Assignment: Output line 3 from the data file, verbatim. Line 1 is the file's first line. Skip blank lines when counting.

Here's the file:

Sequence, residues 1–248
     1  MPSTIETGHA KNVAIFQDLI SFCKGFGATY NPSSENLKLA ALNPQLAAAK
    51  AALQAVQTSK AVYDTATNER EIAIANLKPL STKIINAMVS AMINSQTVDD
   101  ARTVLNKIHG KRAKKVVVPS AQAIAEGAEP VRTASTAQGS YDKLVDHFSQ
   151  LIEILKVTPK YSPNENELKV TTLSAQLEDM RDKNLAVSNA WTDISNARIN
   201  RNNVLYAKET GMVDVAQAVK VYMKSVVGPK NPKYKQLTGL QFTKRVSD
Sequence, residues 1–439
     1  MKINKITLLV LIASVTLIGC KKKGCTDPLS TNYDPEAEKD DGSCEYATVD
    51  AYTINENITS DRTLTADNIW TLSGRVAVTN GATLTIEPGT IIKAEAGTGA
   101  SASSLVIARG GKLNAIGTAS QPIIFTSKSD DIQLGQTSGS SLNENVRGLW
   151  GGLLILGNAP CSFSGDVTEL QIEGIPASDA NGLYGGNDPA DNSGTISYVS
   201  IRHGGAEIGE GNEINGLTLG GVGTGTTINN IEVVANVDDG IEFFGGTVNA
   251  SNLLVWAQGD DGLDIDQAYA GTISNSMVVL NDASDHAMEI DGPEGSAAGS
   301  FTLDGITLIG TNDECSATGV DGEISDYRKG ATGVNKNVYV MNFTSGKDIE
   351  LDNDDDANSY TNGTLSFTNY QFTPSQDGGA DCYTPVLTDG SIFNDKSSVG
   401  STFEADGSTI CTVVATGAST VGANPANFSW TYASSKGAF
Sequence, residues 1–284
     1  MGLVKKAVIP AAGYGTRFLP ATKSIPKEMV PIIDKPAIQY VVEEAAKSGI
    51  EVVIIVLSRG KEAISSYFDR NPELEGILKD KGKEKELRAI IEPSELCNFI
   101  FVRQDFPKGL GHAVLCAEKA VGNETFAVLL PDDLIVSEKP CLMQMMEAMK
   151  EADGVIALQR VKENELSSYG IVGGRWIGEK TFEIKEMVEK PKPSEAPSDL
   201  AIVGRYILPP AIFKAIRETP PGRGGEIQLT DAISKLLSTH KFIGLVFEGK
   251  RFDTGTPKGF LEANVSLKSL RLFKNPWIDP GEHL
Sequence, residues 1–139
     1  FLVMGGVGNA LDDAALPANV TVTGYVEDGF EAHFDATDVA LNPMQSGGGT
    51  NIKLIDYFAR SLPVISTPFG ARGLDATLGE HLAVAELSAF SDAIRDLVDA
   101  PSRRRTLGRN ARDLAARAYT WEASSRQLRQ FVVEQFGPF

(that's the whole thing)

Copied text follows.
    51  AALQAVQTSK AVYDTATNER EIAIANLKPL STKIINAMVS AMINSQTVDD